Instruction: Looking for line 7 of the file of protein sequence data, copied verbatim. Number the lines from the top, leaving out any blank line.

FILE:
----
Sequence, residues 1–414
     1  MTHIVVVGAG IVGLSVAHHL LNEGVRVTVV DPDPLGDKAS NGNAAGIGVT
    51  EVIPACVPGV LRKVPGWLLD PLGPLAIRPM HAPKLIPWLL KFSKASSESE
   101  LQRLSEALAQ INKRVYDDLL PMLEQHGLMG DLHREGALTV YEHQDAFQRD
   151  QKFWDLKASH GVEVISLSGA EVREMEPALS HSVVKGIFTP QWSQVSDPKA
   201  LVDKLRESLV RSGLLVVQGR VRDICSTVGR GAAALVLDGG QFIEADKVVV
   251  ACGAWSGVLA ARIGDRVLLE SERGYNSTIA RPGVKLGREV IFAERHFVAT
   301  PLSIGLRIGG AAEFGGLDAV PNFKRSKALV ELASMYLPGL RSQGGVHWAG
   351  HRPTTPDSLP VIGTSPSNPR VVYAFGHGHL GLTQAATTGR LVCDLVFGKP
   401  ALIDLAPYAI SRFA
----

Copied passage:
   251  ACGAWSGVLA ARIGDRVLLE SERGYNSTIA RPGVKLGREV IFAERHFVAT